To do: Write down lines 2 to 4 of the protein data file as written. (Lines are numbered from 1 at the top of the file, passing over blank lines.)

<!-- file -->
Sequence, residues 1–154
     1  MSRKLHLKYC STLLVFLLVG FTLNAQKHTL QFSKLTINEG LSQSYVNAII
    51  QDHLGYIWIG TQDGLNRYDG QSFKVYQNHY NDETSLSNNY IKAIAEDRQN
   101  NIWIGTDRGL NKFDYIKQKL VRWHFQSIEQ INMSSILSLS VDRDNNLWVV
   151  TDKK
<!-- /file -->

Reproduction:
     1  MSRKLHLKYC STLLVFLLVG FTLNAQKHTL QFSKLTINEG LSQSYVNAII
    51  QDHLGYIWIG TQDGLNRYDG QSFKVYQNHY NDETSLSNNY IKAIAEDRQN
   101  NIWIGTDRGL NKFDYIKQKL VRWHFQSIEQ INMSSILSLS VDRDNNLWVV